A charming, emotional story about family, fishing, and self-discovery.

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THE LEAVING YEAR

A teenage girl in 1967 explores her father’s veiled past in this debut historical novel.

Fifteen-year-old Ida Petrovich worships her dad, a gregarious fisherman who makes a daring crossing every year from their town of Annisport, Washington, to Ketchikan, Alaska. But this year, his boat never returns home; the Coast Guard inform Ida and her mother that he’s “presumed drowned,” and they struggle with accepting that “someone’s dead when there’s no evidence.” Ida overhears a cryptic conversation between her mother and grandmother about her father, in which her mom says “I can’t have a funeral when I’m not even sure he’s dead.” So Ida decides to uncover the truth for herself. After contacting a woman whom his father knew in Ketchikan, she decides to run away from home and work at a cannery there for the summer, in the hopes of finding out more about her dad. Gutting fish for hours on end proves “tiring and monotonous,” but over time, Ida becomes friends with a spirited Tlingit girl named Jody and grows close to Sam Taposok, a Filipino-American boy from her high school who faces daily discrimination. Through it all, Ida grapples with her father’s identity: his affinity for the “scoundrel” raven of Alaskan myth; his personal charisma, which allowed him to create communities beyond his family; and his love for home, coupled with his desire to leave it. McGaffin deftly maps how Ida’s view of her father changes from an idol to a flawed human, as well as the way that grief encroaches on every element of one’s life. Overall, though, her novel is more heartwarming than bleak as it chronicles how the Petrovich women haltingly find ways to survive and plan for an unforeseen future. The relationship between Ida and her mother provides the main dramatic tension; the father’s absence exposes how they used him as an emotional buffer and forces them to communicate their fears. These heart-to-hearts become slightly less believable as the tale winds to a close, and McGaffin ties everything up a bit too neatly. Nevertheless, the story maintains a certain rawness that sustains its impact.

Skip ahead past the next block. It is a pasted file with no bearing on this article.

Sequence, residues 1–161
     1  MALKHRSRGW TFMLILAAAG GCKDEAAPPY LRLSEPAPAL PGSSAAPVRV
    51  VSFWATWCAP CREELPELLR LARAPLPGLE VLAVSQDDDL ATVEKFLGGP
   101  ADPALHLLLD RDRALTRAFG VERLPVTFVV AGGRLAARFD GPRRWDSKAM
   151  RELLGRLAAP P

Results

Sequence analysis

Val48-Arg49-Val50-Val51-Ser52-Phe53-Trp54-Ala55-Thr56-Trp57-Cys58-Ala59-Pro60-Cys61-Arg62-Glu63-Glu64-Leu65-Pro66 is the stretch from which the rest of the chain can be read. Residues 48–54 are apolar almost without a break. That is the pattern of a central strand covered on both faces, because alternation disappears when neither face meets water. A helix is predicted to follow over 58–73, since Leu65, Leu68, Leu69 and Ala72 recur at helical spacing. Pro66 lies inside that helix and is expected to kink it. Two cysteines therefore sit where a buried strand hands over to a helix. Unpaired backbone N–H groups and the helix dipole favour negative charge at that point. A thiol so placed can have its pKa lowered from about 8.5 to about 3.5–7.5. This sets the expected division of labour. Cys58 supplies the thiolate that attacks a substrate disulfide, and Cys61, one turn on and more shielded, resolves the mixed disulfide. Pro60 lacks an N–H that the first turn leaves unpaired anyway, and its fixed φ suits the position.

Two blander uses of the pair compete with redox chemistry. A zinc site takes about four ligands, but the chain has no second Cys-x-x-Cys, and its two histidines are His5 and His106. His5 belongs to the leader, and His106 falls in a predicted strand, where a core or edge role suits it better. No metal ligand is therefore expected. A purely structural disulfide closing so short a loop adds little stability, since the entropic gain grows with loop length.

A charming, emotional story about family, fishing, and self-discovery.

Pub Date: Aug. 14, 2018

ISBN: 978-1-943006-81-6

Page Count: 343

Publisher: SparkPress

Review Posted Online: May 14, 2018

Kirkus Reviews Issue: July 1, 2018

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THE PERKS OF BEING A WALLFLOWER